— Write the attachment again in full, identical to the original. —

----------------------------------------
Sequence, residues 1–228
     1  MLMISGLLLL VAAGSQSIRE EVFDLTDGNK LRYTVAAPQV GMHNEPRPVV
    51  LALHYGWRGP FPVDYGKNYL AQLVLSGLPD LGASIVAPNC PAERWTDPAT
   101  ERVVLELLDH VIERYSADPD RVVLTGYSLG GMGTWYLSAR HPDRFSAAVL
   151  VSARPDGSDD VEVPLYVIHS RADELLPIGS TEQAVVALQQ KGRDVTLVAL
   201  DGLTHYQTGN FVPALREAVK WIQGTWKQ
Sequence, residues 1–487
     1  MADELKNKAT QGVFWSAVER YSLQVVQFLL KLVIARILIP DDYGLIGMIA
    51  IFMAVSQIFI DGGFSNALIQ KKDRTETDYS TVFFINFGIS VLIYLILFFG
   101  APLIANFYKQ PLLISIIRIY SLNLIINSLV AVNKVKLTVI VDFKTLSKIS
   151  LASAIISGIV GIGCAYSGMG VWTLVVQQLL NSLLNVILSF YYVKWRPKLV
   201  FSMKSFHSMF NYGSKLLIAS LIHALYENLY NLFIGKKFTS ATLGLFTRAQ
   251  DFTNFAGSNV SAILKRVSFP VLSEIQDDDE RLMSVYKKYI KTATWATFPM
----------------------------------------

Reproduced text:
Sequence, residues 1–228
     1  MLMISGLLLL VAAGSQSIRE EVFDLTDGNK LRYTVAAPQV GMHNEPRPVV
    51  LALHYGWRGP FPVDYGKNYL AQLVLSGLPD LGASIVAPNC PAERWTDPAT
   101  ERVVLELLDH VIERYSADPD RVVLTGYSLG GMGTWYLSAR HPDRFSAAVL
   151  VSARPDGSDD VEVPLYVIHS RADELLPIGS TEQAVVALQQ KGRDVTLVAL
   201  DGLTHYQTGN FVPALREAVK WIQGTWKQ
Sequence, residues 1–487
     1  MADELKNKAT QGVFWSAVER YSLQVVQFLL KLVIARILIP DDYGLIGMIA
    51  IFMAVSQIFI DGGFSNALIQ KKDRTETDYS TVFFINFGIS VLIYLILFFG
   101  APLIANFYKQ PLLISIIRIY SLNLIINSLV AVNKVKLTVI VDFKTLSKIS
   151  LASAIISGIV GIGCAYSGMG VWTLVVQQLL NSLLNVILSF YYVKWRPKLV
   201  FSMKSFHSMF NYGSKLLIAS LIHALYENLY NLFIGKKFTS ATLGLFTRAQ
   251  DFTNFAGSNV SAILKRVSFP VLSEIQDDDE RLMSVYKKYI KTATWATFPM